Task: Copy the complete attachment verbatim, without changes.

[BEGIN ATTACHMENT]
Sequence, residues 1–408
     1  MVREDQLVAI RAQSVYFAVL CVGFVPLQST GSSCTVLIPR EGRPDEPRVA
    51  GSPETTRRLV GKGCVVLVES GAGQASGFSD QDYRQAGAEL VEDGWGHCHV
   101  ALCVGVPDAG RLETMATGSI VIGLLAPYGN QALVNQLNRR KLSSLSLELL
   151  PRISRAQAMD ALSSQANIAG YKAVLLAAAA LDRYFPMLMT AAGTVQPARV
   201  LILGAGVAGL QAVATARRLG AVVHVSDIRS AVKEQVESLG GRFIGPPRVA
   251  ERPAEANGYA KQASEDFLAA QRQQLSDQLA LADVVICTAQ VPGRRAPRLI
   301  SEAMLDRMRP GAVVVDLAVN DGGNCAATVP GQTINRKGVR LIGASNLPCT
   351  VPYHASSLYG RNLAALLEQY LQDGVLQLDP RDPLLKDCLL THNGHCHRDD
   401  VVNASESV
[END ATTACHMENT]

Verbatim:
Sequence, residues 1–408
     1  MVREDQLVAI RAQSVYFAVL CVGFVPLQST GSSCTVLIPR EGRPDEPRVA
    51  GSPETTRRLV GKGCVVLVES GAGQASGFSD QDYRQAGAEL VEDGWGHCHV
   101  ALCVGVPDAG RLETMATGSI VIGLLAPYGN QALVNQLNRR KLSSLSLELL
   151  PRISRAQAMD ALSSQANIAG YKAVLLAAAA LDRYFPMLMT AAGTVQPARV
   201  LILGAGVAGL QAVATARRLG AVVHVSDIRS AVKEQVESLG GRFIGPPRVA
   251  ERPAEANGYA KQASEDFLAA QRQQLSDQLA LADVVICTAQ VPGRRAPRLI
   301  SEAMLDRMRP GAVVVDLAVN DGGNCAATVP GQTINRKGVR LIGASNLPCT
   351  VPYHASSLYG RNLAALLEQY LQDGVLQLDP RDPLLKDCLL THNGHCHRDD
   401  VVNASESV